Written by recognized authorities in the field, this third edition of a landmark work provides engineers, computer scientists, and others with a working familiarity of the theory and contemporary applications of Global Navigation Satellite Systems (GNSS), Inertial Navigational Systems, and Kalman filters. Throughout, the focus is on solving real-world problems, with an emphasis on the effective use of state-of-the-art integration techniques for those systems, especially the application of Kalman filtering. To that end, the authors explore the various subtleties, common failures, and inherent limitations of the theory as it applies to real-world situations, and provide numerous detailed application examples and practice problems, including GNSS-aided INS (tightly and loosely coupled), modeling of gyros and accelerometers, and SBAS and GBAS.
Drawing upon their many years of experience with GNSS, INS, and the Kalman filter, the authors present numerous design and implementation techniques not found in other professional references. The Third Edition includes:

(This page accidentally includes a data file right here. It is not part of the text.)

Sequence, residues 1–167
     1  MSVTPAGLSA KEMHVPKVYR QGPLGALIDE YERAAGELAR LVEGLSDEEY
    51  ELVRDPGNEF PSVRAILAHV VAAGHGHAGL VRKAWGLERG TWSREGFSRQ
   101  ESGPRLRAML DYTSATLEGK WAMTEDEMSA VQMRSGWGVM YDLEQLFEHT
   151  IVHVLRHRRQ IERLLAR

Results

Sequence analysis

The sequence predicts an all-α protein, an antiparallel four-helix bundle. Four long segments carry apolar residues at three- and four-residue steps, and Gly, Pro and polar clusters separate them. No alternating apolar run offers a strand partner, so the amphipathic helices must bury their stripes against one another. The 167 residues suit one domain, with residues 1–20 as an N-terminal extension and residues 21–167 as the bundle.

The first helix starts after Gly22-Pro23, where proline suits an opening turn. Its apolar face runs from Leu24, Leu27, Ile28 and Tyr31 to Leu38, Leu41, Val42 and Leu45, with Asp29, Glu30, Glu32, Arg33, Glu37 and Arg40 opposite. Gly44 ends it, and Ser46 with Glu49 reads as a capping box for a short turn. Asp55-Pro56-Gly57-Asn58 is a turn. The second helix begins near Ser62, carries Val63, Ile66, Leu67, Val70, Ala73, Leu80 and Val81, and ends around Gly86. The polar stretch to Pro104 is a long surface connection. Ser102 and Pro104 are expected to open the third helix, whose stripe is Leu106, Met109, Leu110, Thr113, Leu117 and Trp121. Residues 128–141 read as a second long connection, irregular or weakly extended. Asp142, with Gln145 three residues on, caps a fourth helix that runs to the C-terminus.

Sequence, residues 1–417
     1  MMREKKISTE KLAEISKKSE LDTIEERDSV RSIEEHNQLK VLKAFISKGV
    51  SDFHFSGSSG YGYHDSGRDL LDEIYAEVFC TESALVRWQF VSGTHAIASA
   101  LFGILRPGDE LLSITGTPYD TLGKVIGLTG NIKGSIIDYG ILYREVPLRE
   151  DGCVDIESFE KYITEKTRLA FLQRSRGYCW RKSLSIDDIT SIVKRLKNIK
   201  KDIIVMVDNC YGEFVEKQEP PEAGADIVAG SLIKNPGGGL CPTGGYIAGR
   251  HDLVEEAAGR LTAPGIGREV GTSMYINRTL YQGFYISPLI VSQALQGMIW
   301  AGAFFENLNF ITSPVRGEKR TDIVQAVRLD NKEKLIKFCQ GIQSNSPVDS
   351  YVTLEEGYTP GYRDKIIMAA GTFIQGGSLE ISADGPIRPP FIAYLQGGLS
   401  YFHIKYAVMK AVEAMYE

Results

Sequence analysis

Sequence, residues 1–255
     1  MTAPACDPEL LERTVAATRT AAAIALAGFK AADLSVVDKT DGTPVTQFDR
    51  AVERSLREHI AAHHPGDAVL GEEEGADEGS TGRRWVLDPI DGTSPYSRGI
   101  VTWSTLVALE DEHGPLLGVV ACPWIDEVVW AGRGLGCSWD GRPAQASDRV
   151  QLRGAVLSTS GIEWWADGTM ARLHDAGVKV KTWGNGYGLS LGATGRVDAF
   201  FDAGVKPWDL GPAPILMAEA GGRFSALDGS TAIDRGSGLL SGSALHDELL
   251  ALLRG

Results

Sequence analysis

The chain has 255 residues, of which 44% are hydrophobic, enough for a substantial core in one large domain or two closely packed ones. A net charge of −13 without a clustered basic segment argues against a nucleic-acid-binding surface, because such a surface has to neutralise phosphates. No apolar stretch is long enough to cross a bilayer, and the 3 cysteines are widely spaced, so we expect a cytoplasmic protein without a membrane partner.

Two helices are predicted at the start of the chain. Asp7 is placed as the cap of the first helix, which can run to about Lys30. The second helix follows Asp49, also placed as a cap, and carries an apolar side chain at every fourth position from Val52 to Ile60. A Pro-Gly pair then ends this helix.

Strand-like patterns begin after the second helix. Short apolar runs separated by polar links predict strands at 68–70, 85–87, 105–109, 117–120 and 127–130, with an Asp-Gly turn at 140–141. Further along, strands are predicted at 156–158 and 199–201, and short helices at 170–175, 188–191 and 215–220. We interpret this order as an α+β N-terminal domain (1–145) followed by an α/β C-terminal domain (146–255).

- Updates on the upgrades in existing GNSS and other systems currently under development
- Expanded coverage of basic principles of antenna design and practical antenna design solutions
- Expanded coverage of basic principles of receiver design and an update of the foundations for code and carrier acquisition and tracking within a GNSS receiver
- Expanded coverage of inertial navigation, its history, its technology, and the mathematical models and methods used in its implementation
- Derivations of dynamic models for the propagation of inertial navigation errors, including the effects of drifting sensor compensation parameters
- Greatly expanded coverage of GNSS/INS integration, including derivation of a unified GNSS/INS integration model, its MATLAB® implementations, and performance evaluation under simulated dynamic conditions
The companion website includes updated background material; additional MATLAB scripts for simulating GNSS-only and integrated GNSS/INS navigation; satellite position determination; calculation of ionosphere delays; and dilution of precision.